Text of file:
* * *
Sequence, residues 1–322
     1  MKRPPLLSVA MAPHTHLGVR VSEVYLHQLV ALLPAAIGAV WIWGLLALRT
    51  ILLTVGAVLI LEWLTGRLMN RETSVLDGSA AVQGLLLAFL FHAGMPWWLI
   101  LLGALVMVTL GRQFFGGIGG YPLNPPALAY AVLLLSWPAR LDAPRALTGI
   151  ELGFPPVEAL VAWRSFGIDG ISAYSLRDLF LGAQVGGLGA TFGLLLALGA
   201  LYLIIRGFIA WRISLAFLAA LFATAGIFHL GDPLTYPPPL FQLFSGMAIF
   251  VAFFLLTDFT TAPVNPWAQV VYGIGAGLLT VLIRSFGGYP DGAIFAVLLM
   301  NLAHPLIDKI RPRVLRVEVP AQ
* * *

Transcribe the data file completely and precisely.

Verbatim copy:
Sequence, residues 1–322
     1  MKRPPLLSVA MAPHTHLGVR VSEVYLHQLV ALLPAAIGAV WIWGLLALRT
    51  ILLTVGAVLI LEWLTGRLMN RETSVLDGSA AVQGLLLAFL FHAGMPWWLI
   101  LLGALVMVTL GRQFFGGIGG YPLNPPALAY AVLLLSWPAR LDAPRALTGI
   151  ELGFPPVEAL VAWRSFGIDG ISAYSLRDLF LGAQVGGLGA TFGLLLALGA
   201  LYLIIRGFIA WRISLAFLAA LFATAGIFHL GDPLTYPPPL FQLFSGMAIF
   251  VAFFLLTDFT TAPVNPWAQV VYGIGAGLLT VLIRSFGGYP DGAIFAVLLM
   301  NLAHPLIDKI RPRVLRVEVP AQ